## Cellular Automata

### May 15, 2009

A rule is stored as an eight-element vector of 1’s and 0’s with the least-significant element in slot 0. The code to translate a rule to its bit representation is similar to the digits function of the Standard Prelude, extended to include all the leading zeroes:

`(define (rule->bits rule)`

(let loop ((rule rule) (k 8) (bits '()))

(cond ((zero? k) (list->vector (reverse bits)))

((odd? rule) (loop (quotient rule 2) (- k 1) (cons 1 bits)))

(else (loop (quotient rule 2) (- k 1) (cons 0 bits))))))

The primary difficulty of this exercise is representing the left and right edges of the automaton, which are infinite. To represent a cellular automaton for *k* ticks, we use a vector of 2*k*+3 elements: 1 for the center element, *k* for each of the left and right body elements, and 1 for each of the left and right edges. The `display-row`

function takes a single row as its argument and displays the central *k*+1 elements, omitting the two edge elements; it adds an extra space between each cell to make the output look right given the size of the character cells and the aspect ratio of the screen:

`(define (display-row row)`

(let ((len (- (vector-length row) 2)))

(do ((i 1 (+ i 1))) ((> i len) (newline))

(if (zero? (vector-ref row i))

(display #\space)

(display #\X))

(if (< i len) (display #\space)))))

The `next-row`

function takes a row and the bits representation of a rule and calculates the next row. The infinitude of the edges is preserved by copying the new end-of-row cells to the corresponding edge cells:

`(define (next-row row bits)`

(let* ((len (- (vector-length row) 2))

(next (make-vector (+ len 2) 0)))

(do ((i 1 (+ i 1)))

((> i len)

(vector-set! next 0 (vector-ref next 1))

(vector-set! next (+ len 1) (vector-ref next len))

next)

(let ((neighbors (+ (* (vector-ref row (- i 1)) 4)

(* (vector-ref row i) 2)

(vector-ref row (+ i 1)))))

(vector-set! next i (vector-ref bits neighbors))))))

The main function builds an initial row consisting of a single black cell, then executes `next-row`

for each tick, displaying each result:

`(define (cells rule ticks)`

(let* ((row (make-vector (+ ticks ticks 3) 0))

(bits (rule->bits rule)))

(vector-set! row (+ ticks 1) 1)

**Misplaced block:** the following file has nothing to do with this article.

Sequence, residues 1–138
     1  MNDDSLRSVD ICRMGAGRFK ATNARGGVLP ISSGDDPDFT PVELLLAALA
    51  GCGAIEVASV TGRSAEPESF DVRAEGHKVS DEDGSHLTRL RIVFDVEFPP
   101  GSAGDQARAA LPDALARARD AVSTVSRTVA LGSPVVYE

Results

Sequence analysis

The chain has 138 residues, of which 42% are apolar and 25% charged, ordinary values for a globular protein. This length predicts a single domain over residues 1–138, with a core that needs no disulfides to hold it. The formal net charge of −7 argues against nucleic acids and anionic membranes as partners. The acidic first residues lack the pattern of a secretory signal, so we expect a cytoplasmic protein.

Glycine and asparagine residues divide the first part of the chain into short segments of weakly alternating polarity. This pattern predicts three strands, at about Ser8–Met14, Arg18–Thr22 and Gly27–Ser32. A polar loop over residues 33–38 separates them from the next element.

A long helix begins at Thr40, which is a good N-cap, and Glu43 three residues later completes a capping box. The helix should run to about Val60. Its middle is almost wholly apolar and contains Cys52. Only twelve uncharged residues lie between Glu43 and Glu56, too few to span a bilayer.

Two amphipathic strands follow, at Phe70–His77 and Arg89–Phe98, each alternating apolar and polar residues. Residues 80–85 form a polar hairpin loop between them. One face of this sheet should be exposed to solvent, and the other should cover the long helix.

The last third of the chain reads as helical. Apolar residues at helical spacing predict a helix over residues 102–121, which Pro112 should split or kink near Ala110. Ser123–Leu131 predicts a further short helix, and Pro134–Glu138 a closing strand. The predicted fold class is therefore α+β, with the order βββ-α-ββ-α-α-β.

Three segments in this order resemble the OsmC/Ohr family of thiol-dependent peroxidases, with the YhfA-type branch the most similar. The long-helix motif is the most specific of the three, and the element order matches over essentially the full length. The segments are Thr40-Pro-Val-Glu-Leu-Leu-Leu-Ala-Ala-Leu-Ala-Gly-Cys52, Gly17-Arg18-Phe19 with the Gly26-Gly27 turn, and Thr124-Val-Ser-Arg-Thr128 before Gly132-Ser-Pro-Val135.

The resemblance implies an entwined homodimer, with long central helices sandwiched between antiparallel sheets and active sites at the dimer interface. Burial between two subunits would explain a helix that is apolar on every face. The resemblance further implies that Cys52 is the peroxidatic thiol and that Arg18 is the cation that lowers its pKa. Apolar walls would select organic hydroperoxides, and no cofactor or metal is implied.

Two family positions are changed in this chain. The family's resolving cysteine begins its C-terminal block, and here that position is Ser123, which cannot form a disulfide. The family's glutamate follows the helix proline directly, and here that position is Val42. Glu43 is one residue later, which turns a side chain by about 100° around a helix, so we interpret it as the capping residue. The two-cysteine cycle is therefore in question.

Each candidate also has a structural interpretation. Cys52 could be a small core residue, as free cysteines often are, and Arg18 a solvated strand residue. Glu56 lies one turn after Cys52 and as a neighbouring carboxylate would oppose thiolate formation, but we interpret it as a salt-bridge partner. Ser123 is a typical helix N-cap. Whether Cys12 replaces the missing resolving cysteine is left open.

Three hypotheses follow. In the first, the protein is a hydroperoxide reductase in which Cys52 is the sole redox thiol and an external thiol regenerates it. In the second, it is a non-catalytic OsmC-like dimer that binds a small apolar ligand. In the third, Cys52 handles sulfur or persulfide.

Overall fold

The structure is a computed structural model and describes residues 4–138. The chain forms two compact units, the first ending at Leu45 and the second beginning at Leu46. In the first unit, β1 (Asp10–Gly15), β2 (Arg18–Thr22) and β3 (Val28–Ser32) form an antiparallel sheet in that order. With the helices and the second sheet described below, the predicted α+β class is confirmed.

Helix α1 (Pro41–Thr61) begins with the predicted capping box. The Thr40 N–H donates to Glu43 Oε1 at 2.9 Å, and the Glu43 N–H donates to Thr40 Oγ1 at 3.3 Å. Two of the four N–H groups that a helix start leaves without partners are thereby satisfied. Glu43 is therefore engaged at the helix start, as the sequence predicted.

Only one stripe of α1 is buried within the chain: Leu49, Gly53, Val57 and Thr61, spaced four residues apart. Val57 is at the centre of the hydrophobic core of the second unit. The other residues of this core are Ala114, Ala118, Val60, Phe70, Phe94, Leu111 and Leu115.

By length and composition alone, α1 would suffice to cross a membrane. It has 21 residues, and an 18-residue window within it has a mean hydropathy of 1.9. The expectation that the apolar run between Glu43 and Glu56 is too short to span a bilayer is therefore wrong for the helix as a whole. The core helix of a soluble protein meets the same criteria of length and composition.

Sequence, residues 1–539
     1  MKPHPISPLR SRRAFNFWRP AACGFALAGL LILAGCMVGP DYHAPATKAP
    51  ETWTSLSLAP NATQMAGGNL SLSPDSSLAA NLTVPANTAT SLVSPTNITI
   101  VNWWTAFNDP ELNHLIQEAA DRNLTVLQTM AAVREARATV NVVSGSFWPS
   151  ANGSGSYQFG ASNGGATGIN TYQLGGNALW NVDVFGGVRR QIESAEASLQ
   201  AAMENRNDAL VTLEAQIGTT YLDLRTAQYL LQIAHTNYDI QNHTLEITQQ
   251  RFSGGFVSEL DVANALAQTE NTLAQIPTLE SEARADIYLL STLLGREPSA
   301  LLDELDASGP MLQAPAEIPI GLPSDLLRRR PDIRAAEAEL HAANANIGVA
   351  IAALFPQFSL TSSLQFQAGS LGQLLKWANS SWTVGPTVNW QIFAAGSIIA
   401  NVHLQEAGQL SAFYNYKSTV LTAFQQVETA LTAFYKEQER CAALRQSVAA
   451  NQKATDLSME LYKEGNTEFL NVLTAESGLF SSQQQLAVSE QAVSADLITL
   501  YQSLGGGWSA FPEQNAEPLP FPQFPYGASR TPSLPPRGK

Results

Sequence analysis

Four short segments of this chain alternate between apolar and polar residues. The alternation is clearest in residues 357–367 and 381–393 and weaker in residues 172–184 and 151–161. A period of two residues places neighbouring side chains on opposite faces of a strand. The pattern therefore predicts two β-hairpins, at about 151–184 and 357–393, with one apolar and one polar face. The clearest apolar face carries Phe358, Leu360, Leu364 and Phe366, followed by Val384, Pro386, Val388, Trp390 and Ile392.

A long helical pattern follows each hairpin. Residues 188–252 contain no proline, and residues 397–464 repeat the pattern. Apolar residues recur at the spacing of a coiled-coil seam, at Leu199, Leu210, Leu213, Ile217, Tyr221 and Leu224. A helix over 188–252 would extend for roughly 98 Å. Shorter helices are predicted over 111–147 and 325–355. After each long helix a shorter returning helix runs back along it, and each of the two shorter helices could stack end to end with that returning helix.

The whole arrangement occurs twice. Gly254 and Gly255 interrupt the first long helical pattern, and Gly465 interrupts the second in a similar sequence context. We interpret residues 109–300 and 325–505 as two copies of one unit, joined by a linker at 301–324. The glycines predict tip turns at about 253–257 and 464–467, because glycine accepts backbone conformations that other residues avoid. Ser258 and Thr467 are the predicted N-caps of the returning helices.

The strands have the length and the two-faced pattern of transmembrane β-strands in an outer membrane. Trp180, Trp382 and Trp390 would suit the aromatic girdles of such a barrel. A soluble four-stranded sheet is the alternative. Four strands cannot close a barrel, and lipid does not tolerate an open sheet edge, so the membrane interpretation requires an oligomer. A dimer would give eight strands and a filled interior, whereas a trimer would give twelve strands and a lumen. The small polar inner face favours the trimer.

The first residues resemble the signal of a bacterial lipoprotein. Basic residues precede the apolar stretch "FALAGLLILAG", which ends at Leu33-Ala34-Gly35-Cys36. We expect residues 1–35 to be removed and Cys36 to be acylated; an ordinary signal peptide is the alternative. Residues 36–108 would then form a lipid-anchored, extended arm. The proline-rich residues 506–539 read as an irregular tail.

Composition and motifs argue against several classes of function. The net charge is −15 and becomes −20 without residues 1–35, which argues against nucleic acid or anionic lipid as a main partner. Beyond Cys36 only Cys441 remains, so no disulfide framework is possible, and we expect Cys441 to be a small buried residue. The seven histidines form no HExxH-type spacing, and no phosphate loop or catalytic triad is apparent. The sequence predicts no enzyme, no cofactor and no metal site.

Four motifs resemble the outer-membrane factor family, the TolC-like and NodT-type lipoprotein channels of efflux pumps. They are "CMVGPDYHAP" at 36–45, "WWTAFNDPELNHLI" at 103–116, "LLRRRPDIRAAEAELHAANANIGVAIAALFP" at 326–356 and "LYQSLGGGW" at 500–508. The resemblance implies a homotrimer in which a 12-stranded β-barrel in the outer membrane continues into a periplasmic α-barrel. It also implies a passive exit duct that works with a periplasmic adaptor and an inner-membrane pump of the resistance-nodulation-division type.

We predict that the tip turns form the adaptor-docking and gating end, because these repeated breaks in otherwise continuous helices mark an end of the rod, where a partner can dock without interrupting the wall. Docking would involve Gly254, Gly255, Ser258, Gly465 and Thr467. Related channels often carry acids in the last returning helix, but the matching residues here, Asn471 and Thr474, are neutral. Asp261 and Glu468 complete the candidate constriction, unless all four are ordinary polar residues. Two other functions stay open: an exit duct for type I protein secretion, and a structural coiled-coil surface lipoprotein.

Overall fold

(do ((tick 0 (+ tick 1))

(row row (next-row row bits)))

((> tick ticks))

(display-row row))))

Here’s an example:

`> (cells 79 12)`

X

X X X X X X X X X X X X X X X X X X X X X X X X

X X

X X X X X X X X X X X X X X X X X X X X X X X

X X X

X X X X X X X X X X X X X X X X X X X X X X

X X X X

X X X X X X X X X X X X X X X X X X X X X

X X X X X

X X X X X X X X X X X X X X X X X X X X

X X X X X X

X X X X X X X X X X X X X X X X X X X

X X X X X X X

You can run this code at http://codepad.org/H7akaoDD.

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[…] Praxis – Cellular Automata By Remco Niemeijer Today’s Programming Praxis problem is about cellular automata. Let’s dive […]

My Haskell solution (see http://bonsaicode.wordpress.com/2009/05/15/programming-praxis-cellular-automata/ for a version with comments):

There may be a little bit of confusion with the example rule 158 generations you provide. There are 13 lines listed there, not 12.

Nevermind, I was misreading the text :)

Anyway, here’s my crappy solution: link

[…] generator that is used in the Standard Prelude. We also looked at cellular automata in a previous exercise. In today’s exercise we combine random number generators and cellular automata by looking at […]

MY SOLUTION :(U CAN SET NO OF GENERATIONS AND RULE NO.):

#include

using namespace std;

void binRev(int n,int arr[])

{

int i=0;

while(n>0)

{

arr[i++]=(n%2);

n=n/2;

}

}

void print(int arr[],int n)

{

int i=0;

for(;i<=n;i++)

{

if(arr[i]==0)

cout<<" ";

else if(arr[i]==1)

cout<<"#";

}

cout<<endl;

}

int main()

{

int n;

int store;

int tri;

int j;

int i;

cout<>n;

n=n*2-1;

int hash[n];

for(j=0;j<n;j++)

hash[j]=0;

hash[n/2]=1;

int bin[8];

for(j=0;j<8;j++)

bin[j]=0;

cout<>store;

binRev(store,bin);

print(hash,n);

for(j=0;j<n/2-1;j++)

{

store=hash[0];

for(i=1;i>n;

}

A bit late, by I coded up a Javascript version here that uses an HTML5 canvas to draw the automata. Then there’s a bigger, re-sizable version here.

In Ruby. Could be improved…

outputs: